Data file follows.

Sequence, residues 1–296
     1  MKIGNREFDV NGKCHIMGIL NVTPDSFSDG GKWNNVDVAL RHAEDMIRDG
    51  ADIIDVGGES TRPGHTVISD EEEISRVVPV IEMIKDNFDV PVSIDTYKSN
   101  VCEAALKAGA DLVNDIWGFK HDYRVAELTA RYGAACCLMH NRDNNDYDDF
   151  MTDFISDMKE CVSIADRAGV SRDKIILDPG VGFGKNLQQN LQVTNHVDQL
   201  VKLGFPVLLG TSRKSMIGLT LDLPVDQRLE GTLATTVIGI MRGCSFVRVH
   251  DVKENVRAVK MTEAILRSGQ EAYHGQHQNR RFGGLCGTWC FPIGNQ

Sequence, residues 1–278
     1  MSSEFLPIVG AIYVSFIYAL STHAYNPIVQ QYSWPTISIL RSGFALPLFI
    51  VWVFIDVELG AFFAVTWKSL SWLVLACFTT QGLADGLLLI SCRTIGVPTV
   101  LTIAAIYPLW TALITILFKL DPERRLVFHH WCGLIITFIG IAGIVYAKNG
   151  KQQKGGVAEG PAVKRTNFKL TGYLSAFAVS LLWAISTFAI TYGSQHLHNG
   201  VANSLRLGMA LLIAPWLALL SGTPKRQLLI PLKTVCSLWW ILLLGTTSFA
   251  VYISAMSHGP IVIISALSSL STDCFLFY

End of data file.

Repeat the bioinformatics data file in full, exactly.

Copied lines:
Sequence, residues 1–296
     1  MKIGNREFDV NGKCHIMGIL NVTPDSFSDG GKWNNVDVAL RHAEDMIRDG
    51  ADIIDVGGES TRPGHTVISD EEEISRVVPV IEMIKDNFDV PVSIDTYKSN
   101  VCEAALKAGA DLVNDIWGFK HDYRVAELTA RYGAACCLMH NRDNNDYDDF
   151  MTDFISDMKE CVSIADRAGV SRDKIILDPG VGFGKNLQQN LQVTNHVDQL
   201  VKLGFPVLLG TSRKSMIGLT LDLPVDQRLE GTLATTVIGI MRGCSFVRVH
   251  DVKENVRAVK MTEAILRSGQ EAYHGQHQNR RFGGLCGTWC FPIGNQ

Sequence, residues 1–278
     1  MSSEFLPIVG AIYVSFIYAL STHAYNPIVQ QYSWPTISIL RSGFALPLFI
    51  VWVFIDVELG AFFAVTWKSL SWLVLACFTT QGLADGLLLI SCRTIGVPTV
   101  LTIAAIYPLW TALITILFKL DPERRLVFHH WCGLIITFIG IAGIVYAKNG
   151  KQQKGGVAEG PAVKRTNFKL TGYLSAFAVS LLWAISTFAI TYGSQHLHNG
   201  VANSLRLGMA LLIAPWLALL SGTPKRQLLI PLKTVCSLWW ILLLGTTSFA
   251  VYISAMSHGP IVIISALSSL STDCFLFY